Family life

Over the past 6 months:

  • How much strain did your child’s ADHD put on your relationship with your partner?
  • How much strain did your child’s ADHD put on your relationship with your other children?
    (Response options were “a tremendous amount of strain”, “a lot of strain”, “a moderate amount of strain”, “a little strain”, “no strain”.)

Worry/stress

Over the past 6 months, how much time did you spend worrying or stressing about your child?

(Response options were “a tremendous amount of time”, “a lot of time”, “a moderate amount of time”, “a little time”, “no time”.)

Analyses

The effects of ADHD severity, the presence of comorbidities, ADHD subtype, and medication adherence on each of the caregiver burden outcomes were assessed using multiple regression models. For each outcome, we report 1) the independent effects for each of these key factors and 2) the mutually adjusted effects for simultaneously significant key factors (when included together in the same multiple regression model). The independent effects measured the burden attributed to each of the key factors alone, while the mutually adjusted effects measured their simultaneous contribution. Both types of models were adjusted for all potential confounding effects.

“Total hours of work missed” data were fitted using ordinary least-squares multiple regression. Data for all other polytomous outcomes (with three or four ordinal levels) were fitted using partial proportional-odds multiple regression models. The partial proportional-odds multiple regression model is a hybrid of the proportional-odds model and the generalized logit model25 that allows for model predictors to have either an equal or unequal effect across the ordinal levels of the outcome, based on the significance of score tests for the proportional-odds assumption for each of the model’s predictors.26 If the proportional-odds assumption fails, odds ratios (ORs) are calculated and presented for all levels of the outcome compared with the reference; if the assumption does not fail, a single OR is calculated and presented for that variable.

Pooled (pan-European) and country-specific descriptive statistics are reported for each of the caregiver burden outcomes and for the independent variables of interest and confounders. Differences across countries were tested with chi-square tests and analysis of variance F-tests for categorical and continuous variables, respectively. The associations among the eight caregiver burden outcomes were examined using Pearson correlations. Ranges of correlations within and between the four outcome groups (concepts) are reported. Correlations among key factors were also evaluated to examine collinearity. For all models, adjusted estimates of slopes (for the linear model) and ORs (for logistic models) are reported along with their 95% confidence intervals (CIs) and P-values. For key factor estimates involving more than one parameter, the overall Wald chi-square P-value is also reported. For the continuous ADHD severity independent variable, an increase in severity by half a standard deviation (SD) for the ADHD-Rating Scale-IV total score (as a measure of clinical meaningfulness) was used to calculate ORs. Measures of overall fit (coefficient of determination R2 for linear models and c-statistic for logistic models) are reported for the multiple regressions that simultaneously include multiple key factors. All statistical tests were two-sided, with significance predetermined as P<0.05. There was no adjustment for multiple testing.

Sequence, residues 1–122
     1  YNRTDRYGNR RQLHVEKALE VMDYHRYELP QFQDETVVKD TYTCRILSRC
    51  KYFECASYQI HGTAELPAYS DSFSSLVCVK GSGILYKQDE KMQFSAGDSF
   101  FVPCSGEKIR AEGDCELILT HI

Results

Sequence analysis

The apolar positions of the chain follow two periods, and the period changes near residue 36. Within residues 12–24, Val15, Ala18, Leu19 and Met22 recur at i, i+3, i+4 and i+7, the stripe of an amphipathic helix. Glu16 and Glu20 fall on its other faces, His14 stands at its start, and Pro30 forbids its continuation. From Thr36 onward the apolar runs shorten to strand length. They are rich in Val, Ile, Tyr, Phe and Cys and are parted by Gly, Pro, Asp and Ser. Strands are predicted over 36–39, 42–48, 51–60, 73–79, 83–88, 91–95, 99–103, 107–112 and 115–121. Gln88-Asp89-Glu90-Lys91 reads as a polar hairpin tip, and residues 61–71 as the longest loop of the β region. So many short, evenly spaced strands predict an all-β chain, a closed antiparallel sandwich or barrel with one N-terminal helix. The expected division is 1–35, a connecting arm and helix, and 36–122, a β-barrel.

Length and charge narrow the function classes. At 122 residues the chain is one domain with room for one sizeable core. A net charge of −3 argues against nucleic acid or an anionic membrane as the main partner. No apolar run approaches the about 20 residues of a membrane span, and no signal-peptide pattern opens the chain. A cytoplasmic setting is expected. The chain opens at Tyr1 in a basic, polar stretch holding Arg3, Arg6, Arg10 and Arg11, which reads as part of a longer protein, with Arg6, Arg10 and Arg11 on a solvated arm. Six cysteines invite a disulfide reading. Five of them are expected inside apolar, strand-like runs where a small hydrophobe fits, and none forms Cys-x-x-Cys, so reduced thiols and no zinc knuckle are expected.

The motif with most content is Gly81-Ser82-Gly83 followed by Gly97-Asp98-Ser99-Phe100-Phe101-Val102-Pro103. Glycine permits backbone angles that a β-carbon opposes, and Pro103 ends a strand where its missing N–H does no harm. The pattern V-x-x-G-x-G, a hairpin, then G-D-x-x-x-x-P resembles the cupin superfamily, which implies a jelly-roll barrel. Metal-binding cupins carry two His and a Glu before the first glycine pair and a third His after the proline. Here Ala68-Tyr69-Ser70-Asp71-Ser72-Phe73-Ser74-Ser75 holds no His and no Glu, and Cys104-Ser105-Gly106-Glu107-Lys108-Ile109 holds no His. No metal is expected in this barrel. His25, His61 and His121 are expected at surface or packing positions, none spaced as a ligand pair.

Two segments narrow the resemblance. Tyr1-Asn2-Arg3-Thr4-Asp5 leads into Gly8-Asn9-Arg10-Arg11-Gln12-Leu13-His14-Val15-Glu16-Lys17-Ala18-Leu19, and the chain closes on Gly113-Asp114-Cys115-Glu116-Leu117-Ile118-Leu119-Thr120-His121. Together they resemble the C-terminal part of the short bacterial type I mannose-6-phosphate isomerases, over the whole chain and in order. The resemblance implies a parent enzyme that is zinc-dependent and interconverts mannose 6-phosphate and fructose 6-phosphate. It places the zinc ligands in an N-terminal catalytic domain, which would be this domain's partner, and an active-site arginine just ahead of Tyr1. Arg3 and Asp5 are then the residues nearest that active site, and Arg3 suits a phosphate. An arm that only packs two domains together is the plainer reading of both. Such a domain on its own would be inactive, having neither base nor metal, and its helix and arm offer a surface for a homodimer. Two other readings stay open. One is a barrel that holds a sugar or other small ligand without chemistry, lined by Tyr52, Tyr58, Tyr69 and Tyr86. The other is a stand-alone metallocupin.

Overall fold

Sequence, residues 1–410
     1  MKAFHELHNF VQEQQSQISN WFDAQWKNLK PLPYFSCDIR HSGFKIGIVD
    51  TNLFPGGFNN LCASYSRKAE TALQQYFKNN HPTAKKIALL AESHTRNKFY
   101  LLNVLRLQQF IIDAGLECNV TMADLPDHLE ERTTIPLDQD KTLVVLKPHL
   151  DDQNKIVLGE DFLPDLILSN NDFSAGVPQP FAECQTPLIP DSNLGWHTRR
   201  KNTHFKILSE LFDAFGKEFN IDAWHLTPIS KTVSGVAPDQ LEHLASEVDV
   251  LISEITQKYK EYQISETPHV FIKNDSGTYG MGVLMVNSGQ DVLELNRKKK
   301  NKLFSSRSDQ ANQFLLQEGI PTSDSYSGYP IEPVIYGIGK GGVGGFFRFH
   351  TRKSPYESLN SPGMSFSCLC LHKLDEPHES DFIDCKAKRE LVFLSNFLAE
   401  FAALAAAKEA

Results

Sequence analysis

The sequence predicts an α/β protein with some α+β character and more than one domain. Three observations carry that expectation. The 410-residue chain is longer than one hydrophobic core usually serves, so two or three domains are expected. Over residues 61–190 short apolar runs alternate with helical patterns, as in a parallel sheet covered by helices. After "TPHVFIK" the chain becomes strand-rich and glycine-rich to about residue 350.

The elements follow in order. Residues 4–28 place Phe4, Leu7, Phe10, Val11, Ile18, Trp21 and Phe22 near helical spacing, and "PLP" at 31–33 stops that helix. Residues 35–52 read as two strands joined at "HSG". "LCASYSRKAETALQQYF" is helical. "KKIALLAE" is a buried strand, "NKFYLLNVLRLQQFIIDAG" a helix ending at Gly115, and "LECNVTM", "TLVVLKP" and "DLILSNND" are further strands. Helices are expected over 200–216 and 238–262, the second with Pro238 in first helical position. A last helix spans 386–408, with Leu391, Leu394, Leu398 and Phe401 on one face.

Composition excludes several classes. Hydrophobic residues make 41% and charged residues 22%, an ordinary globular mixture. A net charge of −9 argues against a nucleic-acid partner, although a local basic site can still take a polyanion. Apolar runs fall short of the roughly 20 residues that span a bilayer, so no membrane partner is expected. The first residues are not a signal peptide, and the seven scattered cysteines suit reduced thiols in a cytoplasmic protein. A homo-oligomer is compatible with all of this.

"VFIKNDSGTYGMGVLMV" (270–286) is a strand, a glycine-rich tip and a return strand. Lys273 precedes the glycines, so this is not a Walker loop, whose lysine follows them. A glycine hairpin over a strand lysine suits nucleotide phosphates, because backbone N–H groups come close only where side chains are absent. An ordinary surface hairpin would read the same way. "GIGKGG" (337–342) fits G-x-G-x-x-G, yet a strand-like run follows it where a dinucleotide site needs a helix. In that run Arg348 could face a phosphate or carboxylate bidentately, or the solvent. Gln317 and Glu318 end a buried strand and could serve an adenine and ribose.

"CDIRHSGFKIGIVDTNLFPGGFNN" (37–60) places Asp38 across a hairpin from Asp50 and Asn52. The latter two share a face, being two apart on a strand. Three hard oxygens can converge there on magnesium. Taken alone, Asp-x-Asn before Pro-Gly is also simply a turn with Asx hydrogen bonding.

Results

Patient population

A total of 2,326 caregivers were included in this analysis (Table 1). The mean (SD) age of the children/adolescents was 11.5 (3.1) years and 80% were male. Two-thirds of the caregivers were mothers and 73% were employed. Significant variations in characteristics were observed between the countries.

Table 1 Sociodemographic characteristics of children/adolescents with ADHD and caregivers, as reported by the caregivers
Notes: Data are n (%) unless indicated otherwise. aChi-square test for categorical and analysis of variance F-test for continuous variables; bn=2,034, 209, 368, 127, 226, 169, 330, 154, and 451 for Pan-EU and each individual country, respectively.